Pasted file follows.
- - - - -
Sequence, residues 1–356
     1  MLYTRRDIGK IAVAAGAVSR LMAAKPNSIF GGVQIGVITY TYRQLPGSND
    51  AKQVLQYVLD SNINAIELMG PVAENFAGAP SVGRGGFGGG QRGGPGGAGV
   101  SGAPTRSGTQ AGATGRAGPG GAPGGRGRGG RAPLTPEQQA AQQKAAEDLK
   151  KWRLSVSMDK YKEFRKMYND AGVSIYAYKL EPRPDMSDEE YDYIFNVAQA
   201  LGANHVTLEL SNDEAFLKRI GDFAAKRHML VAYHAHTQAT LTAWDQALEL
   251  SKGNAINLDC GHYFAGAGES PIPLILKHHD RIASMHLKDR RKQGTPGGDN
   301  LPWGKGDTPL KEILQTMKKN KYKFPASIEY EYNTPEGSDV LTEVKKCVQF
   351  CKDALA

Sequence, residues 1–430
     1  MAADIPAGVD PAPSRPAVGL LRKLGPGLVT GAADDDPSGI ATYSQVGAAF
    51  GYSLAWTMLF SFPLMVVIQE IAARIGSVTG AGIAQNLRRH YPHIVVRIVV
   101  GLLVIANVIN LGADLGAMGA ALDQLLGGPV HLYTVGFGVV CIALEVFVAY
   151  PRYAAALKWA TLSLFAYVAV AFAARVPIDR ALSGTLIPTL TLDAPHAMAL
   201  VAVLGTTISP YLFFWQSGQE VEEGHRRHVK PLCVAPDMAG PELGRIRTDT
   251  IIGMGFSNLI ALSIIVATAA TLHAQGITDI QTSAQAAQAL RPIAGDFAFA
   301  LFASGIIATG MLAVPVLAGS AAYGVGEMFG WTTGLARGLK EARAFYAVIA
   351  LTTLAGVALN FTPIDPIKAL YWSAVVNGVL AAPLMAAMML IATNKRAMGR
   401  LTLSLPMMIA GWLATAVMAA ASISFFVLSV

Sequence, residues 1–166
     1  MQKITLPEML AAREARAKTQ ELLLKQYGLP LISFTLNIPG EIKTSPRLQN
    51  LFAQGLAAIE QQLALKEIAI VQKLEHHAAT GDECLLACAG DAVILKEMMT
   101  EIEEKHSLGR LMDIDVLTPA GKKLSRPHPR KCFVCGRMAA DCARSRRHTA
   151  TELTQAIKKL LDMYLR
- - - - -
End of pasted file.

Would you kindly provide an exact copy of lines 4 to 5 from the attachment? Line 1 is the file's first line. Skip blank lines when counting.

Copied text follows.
   101  SGAPTRSGTQ AGATGRAGPG GAPGGRGRGG RAPLTPEQQA AQQKAAEDLK
   151  KWRLSVSMDK YKEFRKMYND AGVSIYAYKL EPRPDMSDEE YDYIFNVAQA